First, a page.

Pour yourself a glass of your best unfiltered vodka and gather close, darlin’. We’ve got a tale to tell of a Russian-doll-turned-Parisian-salonniere known for her religious conviction, her way with the plume and her intellectual salon.

We’re speaking of none other than Anne Sophie Swetchine who was born Sofia Petrovna Soymanova in Moscow in November 1782. Our gal came from quite a good family, was well-educated and spoke several European languages. No ruble was spared when it came to educating the smart and precocious Sofia. You see, her father was Secretary of State Peter Alexandrovich Soimonov and she spent her early years in the court of Empress Catherine the Great. Talk about a fabulous role model. Scandalous as she was, Catherine is known as one of the most astute rulers in Russian history.

Catherine the Great

But back to Sofia. At the age of 17, our gal was married to General Nicholas Sergeyevich Swetchine, a rather quiet man who was 25 years her senior and had been governor of St. Petersburg. I know what you’re thinking, but the two actually had a good marriage, although they were not able to have children, which caused our gal great despair.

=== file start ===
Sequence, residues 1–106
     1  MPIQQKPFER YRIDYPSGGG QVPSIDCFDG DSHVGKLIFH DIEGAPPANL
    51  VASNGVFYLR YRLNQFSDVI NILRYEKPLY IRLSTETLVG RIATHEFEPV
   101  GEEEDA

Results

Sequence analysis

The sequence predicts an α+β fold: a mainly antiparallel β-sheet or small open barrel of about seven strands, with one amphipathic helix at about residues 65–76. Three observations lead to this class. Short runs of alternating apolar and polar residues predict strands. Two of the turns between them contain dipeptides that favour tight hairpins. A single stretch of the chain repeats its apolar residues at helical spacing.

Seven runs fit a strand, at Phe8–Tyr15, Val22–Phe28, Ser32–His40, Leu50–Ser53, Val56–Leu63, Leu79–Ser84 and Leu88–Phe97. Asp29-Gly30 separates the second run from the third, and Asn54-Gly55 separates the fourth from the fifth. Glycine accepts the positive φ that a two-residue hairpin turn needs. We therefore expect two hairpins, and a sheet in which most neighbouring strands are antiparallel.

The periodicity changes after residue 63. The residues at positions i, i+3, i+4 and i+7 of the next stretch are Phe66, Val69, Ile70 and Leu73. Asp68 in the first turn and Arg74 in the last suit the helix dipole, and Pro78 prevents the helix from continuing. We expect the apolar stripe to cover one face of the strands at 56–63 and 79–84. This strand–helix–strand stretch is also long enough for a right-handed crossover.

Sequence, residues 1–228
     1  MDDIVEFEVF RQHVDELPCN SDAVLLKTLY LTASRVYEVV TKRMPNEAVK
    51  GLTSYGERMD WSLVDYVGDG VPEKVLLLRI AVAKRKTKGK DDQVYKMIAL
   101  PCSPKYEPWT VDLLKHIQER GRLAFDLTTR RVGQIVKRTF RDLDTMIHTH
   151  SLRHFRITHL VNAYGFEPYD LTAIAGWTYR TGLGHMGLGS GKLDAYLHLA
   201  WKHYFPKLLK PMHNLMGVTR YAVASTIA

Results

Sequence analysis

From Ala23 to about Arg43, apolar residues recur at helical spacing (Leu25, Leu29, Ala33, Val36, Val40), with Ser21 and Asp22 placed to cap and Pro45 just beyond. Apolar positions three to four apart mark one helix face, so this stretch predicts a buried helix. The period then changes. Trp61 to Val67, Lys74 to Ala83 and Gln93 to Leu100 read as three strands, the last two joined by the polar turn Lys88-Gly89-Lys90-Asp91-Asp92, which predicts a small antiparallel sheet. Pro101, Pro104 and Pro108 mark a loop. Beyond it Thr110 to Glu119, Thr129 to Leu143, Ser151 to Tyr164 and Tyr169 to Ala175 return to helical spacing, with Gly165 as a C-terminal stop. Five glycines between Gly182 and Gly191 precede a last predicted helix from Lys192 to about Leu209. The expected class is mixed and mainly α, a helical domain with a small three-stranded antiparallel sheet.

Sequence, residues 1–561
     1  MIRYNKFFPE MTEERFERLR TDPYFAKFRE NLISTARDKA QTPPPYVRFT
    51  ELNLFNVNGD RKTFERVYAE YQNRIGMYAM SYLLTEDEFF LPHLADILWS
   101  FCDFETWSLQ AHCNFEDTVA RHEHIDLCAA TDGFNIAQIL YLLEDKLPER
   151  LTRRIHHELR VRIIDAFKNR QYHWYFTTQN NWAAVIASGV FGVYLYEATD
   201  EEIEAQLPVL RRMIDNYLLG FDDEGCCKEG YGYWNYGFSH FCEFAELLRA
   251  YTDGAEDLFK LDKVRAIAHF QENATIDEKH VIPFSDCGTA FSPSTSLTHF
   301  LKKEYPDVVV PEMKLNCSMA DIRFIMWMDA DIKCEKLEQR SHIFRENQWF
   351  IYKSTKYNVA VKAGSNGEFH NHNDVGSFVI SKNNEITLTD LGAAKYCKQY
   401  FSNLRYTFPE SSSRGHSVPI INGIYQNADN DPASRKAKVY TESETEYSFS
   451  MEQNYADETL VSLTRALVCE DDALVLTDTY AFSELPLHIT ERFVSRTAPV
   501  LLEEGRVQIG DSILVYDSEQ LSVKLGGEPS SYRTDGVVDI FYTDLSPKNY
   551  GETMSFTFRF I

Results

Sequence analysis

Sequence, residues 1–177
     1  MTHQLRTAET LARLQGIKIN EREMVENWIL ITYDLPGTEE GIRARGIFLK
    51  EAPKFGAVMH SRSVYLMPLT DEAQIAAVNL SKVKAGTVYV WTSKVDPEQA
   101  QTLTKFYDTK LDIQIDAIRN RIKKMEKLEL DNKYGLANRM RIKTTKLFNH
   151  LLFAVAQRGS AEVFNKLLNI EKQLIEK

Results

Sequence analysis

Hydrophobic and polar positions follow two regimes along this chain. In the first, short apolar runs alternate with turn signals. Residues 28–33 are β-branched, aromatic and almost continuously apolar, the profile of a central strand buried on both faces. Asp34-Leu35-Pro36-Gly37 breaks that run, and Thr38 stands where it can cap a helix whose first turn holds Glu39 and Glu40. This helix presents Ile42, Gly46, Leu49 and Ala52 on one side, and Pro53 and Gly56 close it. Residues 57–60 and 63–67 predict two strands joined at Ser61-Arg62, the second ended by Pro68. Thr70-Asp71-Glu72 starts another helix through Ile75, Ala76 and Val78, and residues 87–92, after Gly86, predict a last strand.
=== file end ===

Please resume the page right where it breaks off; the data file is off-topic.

Some believe this was why, at age 33, Sofia converted to Catholicism. She had long been influenced by the writings of Joseph de Maistre, the French philosopher and ambassador to Russia who wrote often on the subject of the Pope and Christianity. Russian law did not permit members of the Russian nobility who left the Russian Orthodox Church to continue living in Russia, so poor Sofia and her husband were forced to live in exile, choosing Paris, bien sûr, as their new home.

Joseph de Maistre

Once in Paris, and after changing the spelling of her name to Sophie, our gal put her excellent education, language skills and years at court to good use setting up a salon that became the talk of the town. Some of the most distinguished thinkers in literature, politics and ecclesiastical high society including the Archbishop of Paris came through her doors as did a number of other Russian exiles.

In 1857, at the age of 75, this grande dame of Paris salon life – and one of Paris society’s authorities on Catholic theology – died. A wonderful writer, Madame Swetchine left behind a collection of manuscripts and letters, including many with Tocqueville, the author of Democracy in America, and numerous expressions that continue to reflect her wisdom. Here are our favorites:

The ideal friendship is to feel as one while remaining two.

There are two ways of attaining an important end, force and perseverance; the silent power of the latter grows irresistible with time.

Our vanity is the constant enemy of our dignity.

One must be a somebody before they can have an enemy. One must be a force before he can be resisted by another force.

In this world of change, nothing which comes stays, and nothing which goes is lost.

With that, let’s raise our glasses to Madame Swetchine, shall we?

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